The most circulated recommendation for individuals with LBP is to adopt the side-lying position when engaging in sexual intercourse.[21] Given that no one-size-fits-all on this issue, we recommend that individuals are advised to discuss with their partners to explore the positions that best suit them during sexual intercourse and then adhere to those positions going forward. This recommendation is also in line with the published evidence by Sidorkewicz and McGill[22],[23] who recommend that clinicians should examine individuals for directional preference to spinal movements and then classify them as either flexion-intolerant (those whose LBP becomes aggravated with flexion) or extension-intolerant (those whose LBP becomes aggravated with extension) before prescribing sexual positions. While this recommendation based on spinal biomechanics may be helpful, clinicians need to thoroughly consider the full cycle of sexual disability.[27] Other factors, such as effective communication, mood enhancement, and back care education described earlier in this commentary, are equally important in rebuilding a happy sexual life.

  Conclusion Top

LBP can affect many aspects of peoples' lives including sexual activity; however, it should not be the reason why sexual intercourse should be avoided, given that there are important steps that can be taken to ameliorate the situation. This commentary is expected to help clinicians to assist individuals with LBP to find solutions to their decrease in sexual activity and to ensure consistency with treatment programs that aim to improve activity limitation that affects social relationships. It is recommended that randomized clinical trials may be conducted to determine the best sexual positions for different types of low back disorders.

Financial support and sponsorship


Conflicts of interest

There are no conflicts of interest.

  References Top

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Grabovac I, Dorner TE. Association between low back pain and various everyday performances: Activities of daily living, ability to work and sexual function. Wien Klin Wochenschr 2019;131:541-9.  Back to cited text no. 4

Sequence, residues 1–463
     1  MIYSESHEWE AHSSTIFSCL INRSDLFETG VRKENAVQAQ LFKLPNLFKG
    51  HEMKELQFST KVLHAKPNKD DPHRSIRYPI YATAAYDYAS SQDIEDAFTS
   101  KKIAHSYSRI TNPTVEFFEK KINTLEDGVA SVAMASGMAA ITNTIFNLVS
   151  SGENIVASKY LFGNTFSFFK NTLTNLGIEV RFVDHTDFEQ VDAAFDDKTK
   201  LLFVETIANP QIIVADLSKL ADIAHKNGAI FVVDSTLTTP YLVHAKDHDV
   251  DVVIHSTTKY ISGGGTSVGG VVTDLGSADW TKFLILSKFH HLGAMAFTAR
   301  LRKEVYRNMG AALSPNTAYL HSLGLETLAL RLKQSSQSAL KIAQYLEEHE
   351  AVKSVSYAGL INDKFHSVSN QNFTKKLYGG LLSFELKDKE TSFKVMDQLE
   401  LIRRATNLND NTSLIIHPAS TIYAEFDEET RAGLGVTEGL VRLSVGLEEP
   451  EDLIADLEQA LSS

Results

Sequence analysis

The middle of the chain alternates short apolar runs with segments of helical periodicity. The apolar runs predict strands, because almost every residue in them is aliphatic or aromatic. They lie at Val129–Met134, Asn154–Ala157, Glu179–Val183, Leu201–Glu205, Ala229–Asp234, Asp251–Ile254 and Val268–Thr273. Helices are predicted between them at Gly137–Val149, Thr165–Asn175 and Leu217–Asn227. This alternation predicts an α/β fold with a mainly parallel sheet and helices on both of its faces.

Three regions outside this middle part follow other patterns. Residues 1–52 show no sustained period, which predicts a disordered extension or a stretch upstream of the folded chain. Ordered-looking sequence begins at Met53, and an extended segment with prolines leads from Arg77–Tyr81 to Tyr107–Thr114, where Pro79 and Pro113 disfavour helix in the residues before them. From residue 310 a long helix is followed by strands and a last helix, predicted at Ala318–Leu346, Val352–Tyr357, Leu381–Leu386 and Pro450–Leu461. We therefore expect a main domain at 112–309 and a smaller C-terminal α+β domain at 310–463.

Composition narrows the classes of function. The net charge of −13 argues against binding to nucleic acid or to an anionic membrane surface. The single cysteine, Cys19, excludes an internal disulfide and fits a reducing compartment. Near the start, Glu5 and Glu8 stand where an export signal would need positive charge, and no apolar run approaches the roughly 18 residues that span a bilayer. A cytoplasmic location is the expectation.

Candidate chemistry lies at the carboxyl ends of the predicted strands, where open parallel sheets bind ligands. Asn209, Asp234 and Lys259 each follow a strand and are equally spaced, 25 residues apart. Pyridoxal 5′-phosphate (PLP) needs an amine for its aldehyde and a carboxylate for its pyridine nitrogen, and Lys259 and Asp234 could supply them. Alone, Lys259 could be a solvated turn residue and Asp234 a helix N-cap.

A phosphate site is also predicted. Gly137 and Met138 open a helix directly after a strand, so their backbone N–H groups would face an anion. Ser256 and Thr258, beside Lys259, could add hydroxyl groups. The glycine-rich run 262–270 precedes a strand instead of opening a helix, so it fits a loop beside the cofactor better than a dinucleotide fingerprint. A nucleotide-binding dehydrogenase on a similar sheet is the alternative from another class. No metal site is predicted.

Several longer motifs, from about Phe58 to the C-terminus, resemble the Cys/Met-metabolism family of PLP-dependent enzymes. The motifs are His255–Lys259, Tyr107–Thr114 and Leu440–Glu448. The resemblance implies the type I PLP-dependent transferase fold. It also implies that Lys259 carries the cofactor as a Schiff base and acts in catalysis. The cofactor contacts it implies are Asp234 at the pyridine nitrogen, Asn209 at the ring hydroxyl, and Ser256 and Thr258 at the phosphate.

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Nikoobakht M, Fraidouni N, Yaghoubidoust M, Burri A, Pakpour AH. Sexual function and associated factors in Iranian patients with chronic low back pain. Spinal Cord 2014;52:307-12.  Back to cited text no. 6
Berg S, Fritzell P, Tropp H. Sex life and sexual function in men and women before and after total disc replacement compared with posterior lumbar fusion. Spine J 2009;9:987-94.  Back to cited text no. 7
Mescouto K, Olson RE, Hodges PW, Setchell J. A critical review of the biopsychosocial model of low back pain care: Time for a new approach? Disabil Rehabil 2020;Dec:1-15. [doi: 10.1080/09638288.2020.1851783].  Back to cited text no. 8
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García-Horsman SP, Agmo A, Paredes RG. Infusions of naloxone into the medial preoptic area, ventromedial nucleus of the hypothalamus, and amygdala block conditioned place preference induced by paced mating behavior. Horm Behav 2008;54:709-16.  Back to cited text no. 14
Quintana GR, Birrel M, Marceau S, Kalantari N, Bowden J, Bachoura Y, et al. Differential disruption of conditioned ejaculatory preference in the male rat based on different sensory modalities by micro-infusions of naloxone to the medial preoptic area or ventral tegmental area. Psychopharmacology (Berl) 2019;236:3613-23.  Back to cited text no. 15
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McWilliams LA, Cox BJ, Enns MW. Mood and anxiety disorders associated with chronic pain: An examination in a nationally representative sample. Pain 2003;106:127-33.  Back to cited text no. 18